Giving a lost person directions is a perfect example of how Japanese people truly go the extra mile.

  • In America: If someone asks me for directions, I'll normally tell them how to get where they need to go with simple directions such as go two blocks and turn right, etc.
  • In Japan: When I asked for directions, people would often go with me to the place I was looking for to make sure I didn't get lost (even if it took a lot of time). I even had a gentleman ask me to wait at the bottom of a large hill while he walked up it to see if the address I was looking for was at the top, because he didn't want me to have to walk all that way for no reason. Now that's going the extra mile!

Lesson 5: Treasure Nature's Most Simple Gifts

I loved how the Japanese people cherished the most simple aspects of nature.

The perfect (and probably most well-known) example of this is O Hanami which is an important part of Japanese culture involving having a picnic underneath the cherry blossoms when the cherry trees are in bloom.

It seems like everybody makes sure to do this at least once during the cherry blossom season.

In fact, at some of the parks that are the best known for their cherry blossoms, there will be so many people walking through to see the trees that you can hardly move in some areas.

Not only do the parks become packed with people, but the train stations and trains themselves end up filled to the brim with people who want to enjoy the cherry blossoms.

Lesson 6: Keep the Community Clean

In Japan there seems to be a general obsession with cleanliness, and it really makes it a pleasant place to be.

Children are taught to value the cleanliness of their community at a young age as many schools in Japan give students the job of keeping their school clean.

It was amazing to me that I could walk through the streets of huge cities so packed with people that it's impossible not to bump into someone on the sidewalk (another reason that people have so many opportunities to say they're sorry) and the city was spotless.

There wasn't any garbage anywhere. The cities in Japan are unbelievably clean.

If you really want to understand how far this obsession with cleanliness goes, I'll tell you that I even saw someone wiping their dog's bottom with a wet wipe after it did its duty in the park. You just don't see that kind of stuff around here.

Lesson 7: Go Green...Like, Really Green

I have to admit that it took me a while to figure out how to throw away my garbage in Japan.

We had several different receptacles to put unwanted items in depending on what they were made out of, and I'm not just talking about separating your paper, plastic, and glass out for the recycling service here in America.

One time when I was moving out of an apartment, we had a ton of magazines that we needed to get rid of, and unfortunately, we had missed the day for the pick up of items to be recycled.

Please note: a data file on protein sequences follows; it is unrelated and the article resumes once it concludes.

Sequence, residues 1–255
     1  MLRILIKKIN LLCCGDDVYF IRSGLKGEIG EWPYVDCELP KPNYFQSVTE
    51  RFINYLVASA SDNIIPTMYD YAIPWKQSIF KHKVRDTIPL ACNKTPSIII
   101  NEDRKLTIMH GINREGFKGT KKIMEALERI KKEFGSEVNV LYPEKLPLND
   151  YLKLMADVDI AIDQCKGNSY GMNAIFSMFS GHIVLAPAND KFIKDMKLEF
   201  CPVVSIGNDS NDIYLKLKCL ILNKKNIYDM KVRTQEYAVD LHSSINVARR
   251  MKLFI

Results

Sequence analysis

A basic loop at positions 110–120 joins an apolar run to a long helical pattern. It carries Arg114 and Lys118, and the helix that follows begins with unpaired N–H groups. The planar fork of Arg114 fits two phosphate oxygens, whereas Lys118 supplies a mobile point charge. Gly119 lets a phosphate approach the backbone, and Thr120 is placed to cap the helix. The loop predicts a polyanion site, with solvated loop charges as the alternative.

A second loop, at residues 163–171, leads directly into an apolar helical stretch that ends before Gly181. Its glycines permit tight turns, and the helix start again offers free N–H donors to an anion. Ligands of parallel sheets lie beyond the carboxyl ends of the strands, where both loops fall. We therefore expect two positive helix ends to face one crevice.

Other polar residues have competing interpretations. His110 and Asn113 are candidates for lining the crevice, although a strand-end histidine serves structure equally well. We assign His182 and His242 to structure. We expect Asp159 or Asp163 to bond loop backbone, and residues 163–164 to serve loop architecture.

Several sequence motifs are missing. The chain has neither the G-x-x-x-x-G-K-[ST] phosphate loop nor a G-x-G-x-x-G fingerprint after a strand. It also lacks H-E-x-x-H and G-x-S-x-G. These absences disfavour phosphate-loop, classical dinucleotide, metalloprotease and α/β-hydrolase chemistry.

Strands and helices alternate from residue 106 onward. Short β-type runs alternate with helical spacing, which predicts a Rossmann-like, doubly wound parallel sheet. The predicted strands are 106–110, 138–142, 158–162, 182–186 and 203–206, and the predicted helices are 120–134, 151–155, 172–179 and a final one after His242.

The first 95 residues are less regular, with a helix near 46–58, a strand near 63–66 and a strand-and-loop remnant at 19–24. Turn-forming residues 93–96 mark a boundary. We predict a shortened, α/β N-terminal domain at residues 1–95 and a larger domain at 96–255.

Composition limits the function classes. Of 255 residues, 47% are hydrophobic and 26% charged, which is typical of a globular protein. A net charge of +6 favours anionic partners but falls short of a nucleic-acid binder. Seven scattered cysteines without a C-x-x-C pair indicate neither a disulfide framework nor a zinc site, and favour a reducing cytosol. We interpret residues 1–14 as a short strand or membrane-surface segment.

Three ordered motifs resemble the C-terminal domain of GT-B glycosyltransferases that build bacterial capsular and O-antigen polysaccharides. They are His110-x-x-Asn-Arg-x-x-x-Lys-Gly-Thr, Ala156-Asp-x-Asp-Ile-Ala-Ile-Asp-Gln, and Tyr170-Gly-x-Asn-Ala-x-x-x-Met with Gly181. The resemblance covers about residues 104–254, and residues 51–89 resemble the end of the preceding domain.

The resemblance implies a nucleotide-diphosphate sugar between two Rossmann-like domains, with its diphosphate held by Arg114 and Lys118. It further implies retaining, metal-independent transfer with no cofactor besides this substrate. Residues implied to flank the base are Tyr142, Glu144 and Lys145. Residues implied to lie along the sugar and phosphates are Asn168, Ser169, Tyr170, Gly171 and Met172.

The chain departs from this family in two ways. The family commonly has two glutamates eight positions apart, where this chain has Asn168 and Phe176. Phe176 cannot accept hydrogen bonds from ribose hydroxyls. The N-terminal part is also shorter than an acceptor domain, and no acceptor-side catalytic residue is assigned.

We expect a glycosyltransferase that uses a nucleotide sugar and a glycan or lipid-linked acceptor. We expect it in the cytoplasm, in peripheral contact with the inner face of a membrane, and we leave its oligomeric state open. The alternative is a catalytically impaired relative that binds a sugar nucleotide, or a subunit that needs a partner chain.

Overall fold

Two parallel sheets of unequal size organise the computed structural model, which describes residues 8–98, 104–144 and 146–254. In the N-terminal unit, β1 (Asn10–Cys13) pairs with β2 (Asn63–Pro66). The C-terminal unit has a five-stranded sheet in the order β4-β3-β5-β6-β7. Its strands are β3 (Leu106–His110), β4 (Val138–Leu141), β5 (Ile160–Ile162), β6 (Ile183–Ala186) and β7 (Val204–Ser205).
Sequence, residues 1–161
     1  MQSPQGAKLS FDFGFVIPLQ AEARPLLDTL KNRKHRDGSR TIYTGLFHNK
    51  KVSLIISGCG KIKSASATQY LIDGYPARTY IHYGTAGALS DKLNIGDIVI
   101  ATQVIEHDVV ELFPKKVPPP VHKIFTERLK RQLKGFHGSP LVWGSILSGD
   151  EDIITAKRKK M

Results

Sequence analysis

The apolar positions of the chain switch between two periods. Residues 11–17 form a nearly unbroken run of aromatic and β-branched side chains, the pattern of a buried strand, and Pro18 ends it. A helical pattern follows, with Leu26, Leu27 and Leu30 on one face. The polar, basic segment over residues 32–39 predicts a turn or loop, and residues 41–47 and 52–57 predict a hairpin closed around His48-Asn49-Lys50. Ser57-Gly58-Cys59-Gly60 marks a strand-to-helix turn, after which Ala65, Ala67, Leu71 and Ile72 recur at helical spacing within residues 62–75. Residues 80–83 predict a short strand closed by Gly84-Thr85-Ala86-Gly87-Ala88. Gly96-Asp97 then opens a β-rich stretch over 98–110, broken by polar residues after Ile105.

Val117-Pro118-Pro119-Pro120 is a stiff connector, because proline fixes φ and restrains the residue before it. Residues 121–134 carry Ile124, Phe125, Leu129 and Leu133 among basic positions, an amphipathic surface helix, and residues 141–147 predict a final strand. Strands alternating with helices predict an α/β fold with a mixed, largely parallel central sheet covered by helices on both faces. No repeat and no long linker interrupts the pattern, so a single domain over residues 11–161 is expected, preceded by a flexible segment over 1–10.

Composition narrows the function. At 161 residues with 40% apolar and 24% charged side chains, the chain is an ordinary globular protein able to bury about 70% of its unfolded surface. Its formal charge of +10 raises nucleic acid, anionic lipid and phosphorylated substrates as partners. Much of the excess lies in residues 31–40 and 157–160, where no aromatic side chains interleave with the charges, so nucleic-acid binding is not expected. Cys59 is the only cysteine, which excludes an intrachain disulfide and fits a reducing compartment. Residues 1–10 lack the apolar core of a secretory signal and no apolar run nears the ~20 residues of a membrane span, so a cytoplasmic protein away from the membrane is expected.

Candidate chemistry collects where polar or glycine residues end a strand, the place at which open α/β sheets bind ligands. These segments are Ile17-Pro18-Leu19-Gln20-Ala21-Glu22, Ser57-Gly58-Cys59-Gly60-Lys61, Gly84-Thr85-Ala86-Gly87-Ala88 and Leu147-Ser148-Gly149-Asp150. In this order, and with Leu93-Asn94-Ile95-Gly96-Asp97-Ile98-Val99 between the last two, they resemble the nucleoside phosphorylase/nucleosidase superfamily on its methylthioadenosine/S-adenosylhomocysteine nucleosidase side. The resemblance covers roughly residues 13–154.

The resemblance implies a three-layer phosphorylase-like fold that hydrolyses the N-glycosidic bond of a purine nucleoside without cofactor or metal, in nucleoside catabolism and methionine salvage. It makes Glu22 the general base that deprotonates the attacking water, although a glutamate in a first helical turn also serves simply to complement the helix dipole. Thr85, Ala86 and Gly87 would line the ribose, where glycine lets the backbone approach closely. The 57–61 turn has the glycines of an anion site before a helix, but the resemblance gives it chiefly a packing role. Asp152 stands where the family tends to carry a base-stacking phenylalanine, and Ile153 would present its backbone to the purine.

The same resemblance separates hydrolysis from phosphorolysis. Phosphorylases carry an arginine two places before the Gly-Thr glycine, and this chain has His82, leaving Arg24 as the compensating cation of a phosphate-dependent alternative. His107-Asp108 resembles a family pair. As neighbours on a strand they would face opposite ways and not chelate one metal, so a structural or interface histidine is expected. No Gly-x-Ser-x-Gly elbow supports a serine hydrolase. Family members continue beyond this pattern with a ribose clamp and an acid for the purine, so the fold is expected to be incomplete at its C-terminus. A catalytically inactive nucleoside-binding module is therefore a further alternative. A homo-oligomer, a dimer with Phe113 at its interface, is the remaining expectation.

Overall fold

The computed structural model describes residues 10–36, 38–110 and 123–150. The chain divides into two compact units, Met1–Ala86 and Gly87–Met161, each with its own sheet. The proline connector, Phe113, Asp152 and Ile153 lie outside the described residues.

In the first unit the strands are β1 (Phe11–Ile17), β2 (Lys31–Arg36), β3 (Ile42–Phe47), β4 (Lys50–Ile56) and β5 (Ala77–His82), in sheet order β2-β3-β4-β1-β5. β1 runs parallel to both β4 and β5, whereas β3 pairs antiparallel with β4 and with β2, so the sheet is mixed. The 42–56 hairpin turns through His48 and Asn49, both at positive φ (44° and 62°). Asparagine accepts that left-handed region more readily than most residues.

We were moving within the next few days, so we didn't have any choice other than to put the magazines in a garbage bag to get collected with our other garbage.

I learned that was a rookie tourist mistake.

I returned to my house later in the day and discovered that my garbage bag full of magazines not only had been rejected, but it had a sign attached to it with a cartoon picture of a frowning earth telling me to recycle.

Lesson 8: Don't Worry About What You Can't Control

The commonly used Japanese phrase "Sho ga nai." basically means, don't worry about what you can't control.

Think about what it would mean for you if you were really able to take that phrase to heart.

Now think about what kind of an effect it would have on your culture if everybody was able to let go of the things that they can't control and focus on the things that they can.

I don't know about you, but I think that people worry way too much about situations that are totally beyond their control, and we could all probably benefit from letting go of some of that stress.

Lesson 9: Actually Spend Family Time With Your Loved Ones

New Year's is by far the most important holiday in Japan, and I can tell you what I didn't see downtown on New Year's Day...people.

Again, it might sound like no big deal to someone who has never been to the huge cities of Japan to think that there was nobody on the sidewalks, but let me remind you that these sidewalks are normally covered with a giant mass of people (likely more than you can fathom unless you have ever visited a place similar in population to Tokyo).

The fact that I was able to walk down the street and only run into a few foreigners like myself, sent a pretty powerful message to me that when it's family time, you should be at home spending time with your family.

Lesson 10: Find Reasons to Celebrate!

Japan has all kinds of cultural celebrations throughout the year for a wide variety of reasons, and they really know how to have a celebration.

For example, during the late summer and early fall almost every community, big or small, has a Matsuri festival with food, music, vendors, and dancing.

Hanabi, otherwise known as fireworks to all you English speakers, are a huge part of the culture too. The fireworks shows in Japan are spectacular. Unless you see it yourself, you really don't know what you're missing.